SmokeLong Quarterly is dedicated to bringing the best flash fiction to the web on a quarterly basis, whether written by widely published authors, or those new to the craft. The term "smoke-long" comes from the Chinese, who noted that reading a piece of flash takes about the same length of time as smoking a cigarette. All the work we publish is precisely that―about a smoke long.
Being asked to pick my all-time favorite story from SmokeLong is a little bit like being asked to pick my favorite son. So I went with a sentimental favorite that I don't think has gotten a lot of attention previously. I wanted to go back to Issue One, when I was a little more wide-eyed about what running a lit mag meant. And there's lots of great content in there, but I remember well when this story came in and our reaction to it, how blown away we were by the sheer... well, gall of it. Seems appropriate that's the author's name, no? Whatever became of S.H. Gall anyway? I just googled the name and found only this story. From his bio, I see that he was in Word Riot, so I went and found that, and see that he also has published as Seth Gall. Googled that, too, and found only the Word Riot piece. Oh, where have you gone, Seth Gall?
Nominated Flash Fiction: "Gerontophile: An Imposition" - S.H. Gall
Reviewed: by Kirsten Menger-Anderson
I'm always impressed by writers, such as S.H. Gall, who choose the flash fiction form and then write a piece that reads more like poetry than fiction. "Gerontophile: An Imposition" tells the story of a moment on a half-full city bus, and each time I read the piece, I see that moment in a slightly different way. As I read, I feel like I'm listening into a conversation, trying to imagine the storyteller and his circumstance from the clues woven into the narrative. I'm curious, and want to turn around to see the person speaking, but I never do because that mystery is nice.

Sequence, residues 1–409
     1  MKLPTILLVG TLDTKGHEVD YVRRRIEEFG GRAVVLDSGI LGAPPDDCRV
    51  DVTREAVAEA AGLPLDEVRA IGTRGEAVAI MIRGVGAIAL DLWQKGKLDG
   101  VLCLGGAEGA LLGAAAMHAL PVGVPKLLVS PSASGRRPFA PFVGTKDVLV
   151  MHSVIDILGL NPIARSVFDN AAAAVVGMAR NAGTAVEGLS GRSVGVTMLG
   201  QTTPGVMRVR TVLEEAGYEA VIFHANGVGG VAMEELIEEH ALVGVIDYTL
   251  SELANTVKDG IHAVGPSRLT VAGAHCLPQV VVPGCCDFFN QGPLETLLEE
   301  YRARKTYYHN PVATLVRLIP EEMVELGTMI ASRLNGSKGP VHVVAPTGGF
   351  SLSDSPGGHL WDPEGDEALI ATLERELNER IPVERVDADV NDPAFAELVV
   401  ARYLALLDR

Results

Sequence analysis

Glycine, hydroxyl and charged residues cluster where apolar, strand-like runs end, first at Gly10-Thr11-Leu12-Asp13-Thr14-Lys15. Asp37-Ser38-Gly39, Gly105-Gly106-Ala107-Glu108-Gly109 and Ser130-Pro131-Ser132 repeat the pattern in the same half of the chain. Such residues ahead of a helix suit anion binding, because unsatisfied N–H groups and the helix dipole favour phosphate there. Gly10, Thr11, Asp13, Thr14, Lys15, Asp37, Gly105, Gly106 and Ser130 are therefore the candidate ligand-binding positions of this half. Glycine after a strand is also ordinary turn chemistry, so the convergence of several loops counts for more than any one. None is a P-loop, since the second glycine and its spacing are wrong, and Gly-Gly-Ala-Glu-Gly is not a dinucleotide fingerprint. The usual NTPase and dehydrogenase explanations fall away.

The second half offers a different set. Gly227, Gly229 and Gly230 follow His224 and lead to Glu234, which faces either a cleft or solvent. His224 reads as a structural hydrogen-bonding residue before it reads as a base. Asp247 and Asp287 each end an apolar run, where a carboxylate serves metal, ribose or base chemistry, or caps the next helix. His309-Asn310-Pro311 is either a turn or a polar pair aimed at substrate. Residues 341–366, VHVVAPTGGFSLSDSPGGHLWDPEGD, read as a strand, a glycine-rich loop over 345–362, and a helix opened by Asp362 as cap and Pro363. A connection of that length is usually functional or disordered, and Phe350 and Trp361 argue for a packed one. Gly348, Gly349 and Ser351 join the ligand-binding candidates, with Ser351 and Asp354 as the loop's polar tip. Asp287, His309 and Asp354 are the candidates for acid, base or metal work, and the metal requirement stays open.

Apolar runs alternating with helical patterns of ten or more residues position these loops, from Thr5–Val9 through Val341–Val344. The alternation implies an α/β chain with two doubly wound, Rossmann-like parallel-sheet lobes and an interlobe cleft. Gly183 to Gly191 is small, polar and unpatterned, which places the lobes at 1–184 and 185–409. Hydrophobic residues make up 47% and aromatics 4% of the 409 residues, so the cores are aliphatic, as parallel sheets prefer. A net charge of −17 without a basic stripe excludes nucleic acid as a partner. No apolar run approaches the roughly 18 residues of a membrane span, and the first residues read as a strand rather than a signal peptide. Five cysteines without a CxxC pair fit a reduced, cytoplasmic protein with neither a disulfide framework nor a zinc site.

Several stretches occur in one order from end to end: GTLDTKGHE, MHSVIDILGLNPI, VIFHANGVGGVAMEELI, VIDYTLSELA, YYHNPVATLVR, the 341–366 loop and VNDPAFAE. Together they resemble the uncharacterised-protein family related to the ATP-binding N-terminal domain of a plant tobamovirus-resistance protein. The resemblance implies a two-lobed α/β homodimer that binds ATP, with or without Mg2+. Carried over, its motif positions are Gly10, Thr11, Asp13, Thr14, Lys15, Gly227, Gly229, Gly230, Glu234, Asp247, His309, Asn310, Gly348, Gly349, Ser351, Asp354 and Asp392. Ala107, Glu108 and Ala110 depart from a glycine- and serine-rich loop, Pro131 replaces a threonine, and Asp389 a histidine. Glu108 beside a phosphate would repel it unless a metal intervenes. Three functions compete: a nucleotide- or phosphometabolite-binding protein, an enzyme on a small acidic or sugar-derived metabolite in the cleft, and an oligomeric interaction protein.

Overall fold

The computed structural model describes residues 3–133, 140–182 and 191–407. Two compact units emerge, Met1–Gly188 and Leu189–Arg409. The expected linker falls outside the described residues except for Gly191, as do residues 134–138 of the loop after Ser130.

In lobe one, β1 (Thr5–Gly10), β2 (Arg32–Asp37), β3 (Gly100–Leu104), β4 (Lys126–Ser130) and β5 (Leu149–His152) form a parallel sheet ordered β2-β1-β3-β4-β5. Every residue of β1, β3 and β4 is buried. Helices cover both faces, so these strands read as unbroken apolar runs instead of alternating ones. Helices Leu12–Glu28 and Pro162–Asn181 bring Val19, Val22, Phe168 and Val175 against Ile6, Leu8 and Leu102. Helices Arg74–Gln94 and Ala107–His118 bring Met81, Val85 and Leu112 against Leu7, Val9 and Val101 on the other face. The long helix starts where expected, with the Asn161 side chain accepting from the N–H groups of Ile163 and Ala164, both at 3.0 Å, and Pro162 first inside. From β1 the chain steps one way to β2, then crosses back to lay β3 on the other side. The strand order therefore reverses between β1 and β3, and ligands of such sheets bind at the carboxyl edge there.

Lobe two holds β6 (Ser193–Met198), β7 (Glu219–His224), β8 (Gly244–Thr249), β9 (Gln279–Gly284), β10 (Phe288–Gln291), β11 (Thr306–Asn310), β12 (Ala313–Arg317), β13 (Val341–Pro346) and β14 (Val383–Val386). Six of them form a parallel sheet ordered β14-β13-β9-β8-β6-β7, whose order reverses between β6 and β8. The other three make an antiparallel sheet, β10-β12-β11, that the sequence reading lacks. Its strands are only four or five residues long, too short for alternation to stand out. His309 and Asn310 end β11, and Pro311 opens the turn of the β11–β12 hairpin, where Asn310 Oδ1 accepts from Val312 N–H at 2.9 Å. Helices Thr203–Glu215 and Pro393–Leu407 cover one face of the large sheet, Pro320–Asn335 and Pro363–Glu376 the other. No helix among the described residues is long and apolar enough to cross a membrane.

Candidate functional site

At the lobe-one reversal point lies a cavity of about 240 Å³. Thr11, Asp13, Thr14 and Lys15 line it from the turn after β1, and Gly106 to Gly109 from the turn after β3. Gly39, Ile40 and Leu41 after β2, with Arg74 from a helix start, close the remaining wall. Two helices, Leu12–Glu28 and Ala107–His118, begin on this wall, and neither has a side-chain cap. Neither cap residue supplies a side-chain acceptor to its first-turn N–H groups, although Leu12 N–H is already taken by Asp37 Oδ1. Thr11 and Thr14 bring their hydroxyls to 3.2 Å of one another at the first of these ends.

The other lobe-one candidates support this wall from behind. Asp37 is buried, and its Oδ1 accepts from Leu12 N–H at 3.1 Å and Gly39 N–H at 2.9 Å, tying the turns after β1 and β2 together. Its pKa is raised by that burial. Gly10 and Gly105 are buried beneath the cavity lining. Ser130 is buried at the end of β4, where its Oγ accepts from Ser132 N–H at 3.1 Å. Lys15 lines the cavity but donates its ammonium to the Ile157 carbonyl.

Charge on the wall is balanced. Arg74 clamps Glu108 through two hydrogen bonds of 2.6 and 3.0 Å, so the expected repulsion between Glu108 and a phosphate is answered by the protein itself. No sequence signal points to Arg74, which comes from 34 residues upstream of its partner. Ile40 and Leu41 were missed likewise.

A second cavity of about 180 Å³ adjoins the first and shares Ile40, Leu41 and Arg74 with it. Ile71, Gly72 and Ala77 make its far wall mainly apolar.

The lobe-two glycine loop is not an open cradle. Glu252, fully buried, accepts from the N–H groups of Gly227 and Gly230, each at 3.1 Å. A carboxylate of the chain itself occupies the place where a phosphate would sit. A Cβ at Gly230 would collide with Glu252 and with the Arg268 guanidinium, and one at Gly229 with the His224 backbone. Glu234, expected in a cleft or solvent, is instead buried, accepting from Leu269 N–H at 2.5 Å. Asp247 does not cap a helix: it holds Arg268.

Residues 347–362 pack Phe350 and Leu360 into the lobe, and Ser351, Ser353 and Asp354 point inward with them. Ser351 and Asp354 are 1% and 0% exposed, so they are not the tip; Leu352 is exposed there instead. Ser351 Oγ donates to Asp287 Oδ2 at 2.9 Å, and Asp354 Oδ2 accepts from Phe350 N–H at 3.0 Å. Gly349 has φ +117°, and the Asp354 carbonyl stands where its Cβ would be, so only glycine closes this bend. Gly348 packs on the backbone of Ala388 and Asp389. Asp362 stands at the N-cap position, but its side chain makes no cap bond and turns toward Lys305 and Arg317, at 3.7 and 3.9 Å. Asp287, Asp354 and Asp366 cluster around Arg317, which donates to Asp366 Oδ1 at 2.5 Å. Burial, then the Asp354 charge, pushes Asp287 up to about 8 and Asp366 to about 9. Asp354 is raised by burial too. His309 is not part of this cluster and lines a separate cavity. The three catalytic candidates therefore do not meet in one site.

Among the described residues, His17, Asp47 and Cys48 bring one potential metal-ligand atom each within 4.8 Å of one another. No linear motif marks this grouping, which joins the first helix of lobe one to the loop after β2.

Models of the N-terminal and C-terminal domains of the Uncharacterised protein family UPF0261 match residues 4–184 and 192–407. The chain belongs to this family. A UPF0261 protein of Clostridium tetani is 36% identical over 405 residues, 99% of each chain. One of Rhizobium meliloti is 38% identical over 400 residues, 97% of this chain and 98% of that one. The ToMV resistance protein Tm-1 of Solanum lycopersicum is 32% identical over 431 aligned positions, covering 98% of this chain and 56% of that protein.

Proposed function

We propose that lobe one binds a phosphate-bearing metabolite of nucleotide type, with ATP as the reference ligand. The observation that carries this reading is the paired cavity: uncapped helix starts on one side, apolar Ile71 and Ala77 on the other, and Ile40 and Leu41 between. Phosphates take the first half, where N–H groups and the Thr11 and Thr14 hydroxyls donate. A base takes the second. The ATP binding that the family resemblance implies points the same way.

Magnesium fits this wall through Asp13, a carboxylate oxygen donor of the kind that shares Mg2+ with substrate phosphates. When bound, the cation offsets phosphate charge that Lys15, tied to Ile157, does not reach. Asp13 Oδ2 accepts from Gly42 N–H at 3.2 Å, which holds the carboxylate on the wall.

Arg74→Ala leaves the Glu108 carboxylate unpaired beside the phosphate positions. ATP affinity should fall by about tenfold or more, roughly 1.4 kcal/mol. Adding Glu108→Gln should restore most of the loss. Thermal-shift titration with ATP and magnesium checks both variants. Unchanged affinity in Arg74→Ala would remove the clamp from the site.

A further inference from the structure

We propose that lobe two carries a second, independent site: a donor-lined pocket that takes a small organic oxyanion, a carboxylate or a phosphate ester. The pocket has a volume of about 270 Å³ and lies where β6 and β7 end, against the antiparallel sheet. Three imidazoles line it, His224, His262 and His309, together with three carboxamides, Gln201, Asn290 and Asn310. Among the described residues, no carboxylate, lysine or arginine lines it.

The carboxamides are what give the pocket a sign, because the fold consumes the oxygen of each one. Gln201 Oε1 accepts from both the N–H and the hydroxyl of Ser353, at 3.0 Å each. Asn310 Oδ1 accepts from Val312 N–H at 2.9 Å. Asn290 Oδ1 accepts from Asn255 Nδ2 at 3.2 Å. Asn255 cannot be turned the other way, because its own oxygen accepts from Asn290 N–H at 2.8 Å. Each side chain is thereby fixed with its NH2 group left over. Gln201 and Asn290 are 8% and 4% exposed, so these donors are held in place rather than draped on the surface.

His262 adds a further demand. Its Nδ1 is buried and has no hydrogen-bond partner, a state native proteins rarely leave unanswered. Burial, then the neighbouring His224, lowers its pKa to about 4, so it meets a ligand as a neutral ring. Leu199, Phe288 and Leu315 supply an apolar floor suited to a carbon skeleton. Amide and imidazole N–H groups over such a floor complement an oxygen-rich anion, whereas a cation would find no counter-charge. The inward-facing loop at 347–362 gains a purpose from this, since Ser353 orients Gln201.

I don't have to imagine the other character in the tale, an older man, who is well described with memorable phrases such as "His lips, resembling in their sucked red pallor an anus"and "Hair, lakewater gray, and chopped short" and "His shirt, striped, fuzzy, is of fabric like velour and wreaks havoc with sunlight." He sits across the aisle from the narrator, whose attraction to the man becomes apparent in the story's descriptive language before the narrator wonders, "Would he kiss me?"
What happens next changes each time I read the story. Sometimes, I believe that the narrator does indeed rise from his seat to take a place next to his fellow passenger. Sometimes I believe that he kisses the man, and that the man does indeed follow the narrator off the bus and into his home where they kiss and fuck. Other times, I think that the narrator only imagines the events described. "Nothing has happened," he keeps saying. "Nothing has happened."
"Gentrontophile: An Imposition" captures the quick excitement of physical attraction and the suspended moment of vulnerability that follows admitted desire and response. Whether the interaction is fantasy or fact matters little. I'm glad that I'm given the space to imagine the moment myself.
Kirsten Menger-Anderson's first book of fiction, Doctor Olaf van Schuler's Brain, is forthcoming from Algonquin this Fall (2008). She lives in San Francisco with her husband, daughter, cat, and guinea pig. For more information about her book or her background, please see her website.